There were a few instances where they adapted some original comic stories. Or tried to. The most obvious example being “The Origin of Spider-Man,” which takes a whole lot from Amazing Fantasy #15. One of the big things they got wrong though was near the very beginning, when Peter Parker is supposed to be portrayed as an outcast. In the comic, the kids exclude Pete from their reindeer games without giving him so much as a second look. But in the cartoon, Pete is the one begging off hanging out with the popular crowd so he can attend a science exhibition—only then do the popular kids deride him as an egghead. This was a bad misstep. But at least Bakshi’s heart was in the right place.
Other comic adaptations from these latter seasons include “King Pinned” (featuring the Kingpin, the only freshly-imported villain taken from the comics in these seasons, in a story loosely adapted from ASM #51, “In the Clutches of… the Kingpin!”), “To Cage a Spider” (ASM #65, “The Impossible Escape!”), “The Big Brainwasher” (ASM #59, “The Brand of the Brainwasher!”), and “The Madness of Mysterio” (ASM #66, same title).
Mary Jane Watson actually appeared in one of these episodes, playing the “niece” of Captain Stacy, who also appeared in another episode as well. (Why didn’t they just use Gwen here? I’m guessing because MJ was near the center of the original comics plot, so they used just her rather than swap her for Gwen. Probably too much cost in both production and episode time to incorporate both characters.)
Fun Fact: When Mysterio popped up again in the second season, he was portrayed as a conventionally-garbed man with glasses (and green skin—but then nearly all the villains in these seasons were green-skinned for some reason). Clearly there was some miscommunication with the animators (who, I’m guessing, were overseas), as at one point in the episode, Spidey refers to Mysterio in his dialogue as “dome head.”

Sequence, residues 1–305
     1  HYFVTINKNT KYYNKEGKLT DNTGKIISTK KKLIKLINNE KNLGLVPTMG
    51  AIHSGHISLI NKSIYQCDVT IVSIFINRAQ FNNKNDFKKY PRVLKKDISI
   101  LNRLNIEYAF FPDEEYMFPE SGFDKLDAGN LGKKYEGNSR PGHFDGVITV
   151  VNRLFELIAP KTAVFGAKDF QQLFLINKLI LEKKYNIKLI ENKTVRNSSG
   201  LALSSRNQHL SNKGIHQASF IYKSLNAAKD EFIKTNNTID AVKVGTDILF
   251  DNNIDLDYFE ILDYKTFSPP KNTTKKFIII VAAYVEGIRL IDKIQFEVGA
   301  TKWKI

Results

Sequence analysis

In closing, let’s circle back to the music. Because those scores were damn near as perfect as the theme song. Note that I refer to “scores” in the plural because the score changed when the producers changed; so the score for the last two seasons was different from that of the first season (though that awesome opening theme song remained unchanged, thankfully). Again, for those keeping score (no pun intended) at home, that’s three seasons, two different scores. Ten years ago, WFMU put up an in-depth blogpost about those scores here.
In one of the great tragedies of our age, that awesome, jazzy score of season one appears lost in the mists of time—at least as far as original masters go. Lucky for us there was an industrious soul out there that pieced a great deal of it back together on youtube for our listening pleasure, here:
If you’d prefer to cherry pick those tracks, you may do so here.
While I would rate the season one score the best, seasons two/three ain’t chopped liver. Based on this image I found, at some point the score music from these seasons appears to have been released as Spider-Man: Music from the KPM Record Library.
I found one blogpost with a long list of track titles from this set (one of which was “LSD”—like I said, some of those later episodes were seriously trippy). Of this particular lot, “Hellraisers” is probably my favorite. Looks like most of this music is available on iTunes here.
I’ll wrap up this post by sharing a youtube compilation of theme songs from every TV iteration of the web-head from 1967 to 2012. Happy Golden Anniversary, Cartoon-Spidey!